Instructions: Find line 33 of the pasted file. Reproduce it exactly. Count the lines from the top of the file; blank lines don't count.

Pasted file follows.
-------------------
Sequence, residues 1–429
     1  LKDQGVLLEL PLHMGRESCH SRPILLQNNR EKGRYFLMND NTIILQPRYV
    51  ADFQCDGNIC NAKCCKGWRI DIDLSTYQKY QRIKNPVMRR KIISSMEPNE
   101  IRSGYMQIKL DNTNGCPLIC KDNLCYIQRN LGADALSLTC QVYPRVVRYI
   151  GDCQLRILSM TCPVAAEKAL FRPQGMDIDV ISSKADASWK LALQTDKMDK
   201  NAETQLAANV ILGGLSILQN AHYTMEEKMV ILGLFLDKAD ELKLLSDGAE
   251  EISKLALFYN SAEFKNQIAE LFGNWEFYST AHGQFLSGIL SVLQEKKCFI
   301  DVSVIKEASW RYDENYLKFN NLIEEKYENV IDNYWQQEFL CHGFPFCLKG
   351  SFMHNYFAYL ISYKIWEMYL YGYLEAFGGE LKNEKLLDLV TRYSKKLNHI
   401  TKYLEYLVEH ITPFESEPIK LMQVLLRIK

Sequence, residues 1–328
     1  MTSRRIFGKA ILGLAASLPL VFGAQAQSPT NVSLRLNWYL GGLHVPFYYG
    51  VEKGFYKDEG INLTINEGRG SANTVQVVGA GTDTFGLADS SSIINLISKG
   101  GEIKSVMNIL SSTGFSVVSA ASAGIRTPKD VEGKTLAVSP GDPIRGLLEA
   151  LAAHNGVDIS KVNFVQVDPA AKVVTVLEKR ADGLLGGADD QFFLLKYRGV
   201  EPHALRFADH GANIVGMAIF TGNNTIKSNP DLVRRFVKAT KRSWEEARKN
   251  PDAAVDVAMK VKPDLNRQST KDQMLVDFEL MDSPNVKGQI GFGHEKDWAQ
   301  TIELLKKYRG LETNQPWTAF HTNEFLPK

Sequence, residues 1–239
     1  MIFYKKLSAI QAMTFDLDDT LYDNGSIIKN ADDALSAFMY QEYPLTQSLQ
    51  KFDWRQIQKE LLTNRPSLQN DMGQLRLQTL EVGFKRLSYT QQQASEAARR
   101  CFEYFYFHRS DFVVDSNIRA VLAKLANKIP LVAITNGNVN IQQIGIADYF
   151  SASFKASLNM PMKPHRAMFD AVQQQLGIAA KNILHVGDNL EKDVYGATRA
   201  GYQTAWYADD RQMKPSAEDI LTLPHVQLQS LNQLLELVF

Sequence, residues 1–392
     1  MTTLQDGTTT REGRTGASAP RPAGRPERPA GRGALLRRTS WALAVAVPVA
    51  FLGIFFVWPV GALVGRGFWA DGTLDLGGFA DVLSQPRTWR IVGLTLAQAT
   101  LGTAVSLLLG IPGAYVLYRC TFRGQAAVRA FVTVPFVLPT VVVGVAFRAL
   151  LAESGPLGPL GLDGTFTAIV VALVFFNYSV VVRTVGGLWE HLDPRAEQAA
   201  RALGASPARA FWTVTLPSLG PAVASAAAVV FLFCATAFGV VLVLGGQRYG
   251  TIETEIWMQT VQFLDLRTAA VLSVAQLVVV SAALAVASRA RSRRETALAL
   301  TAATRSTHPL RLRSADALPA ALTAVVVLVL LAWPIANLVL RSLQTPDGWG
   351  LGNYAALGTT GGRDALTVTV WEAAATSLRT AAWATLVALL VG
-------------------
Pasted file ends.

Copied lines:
   351  LGNYAALGTT GGRDALTVTV WEAAATSLRT AAWATLVALL VG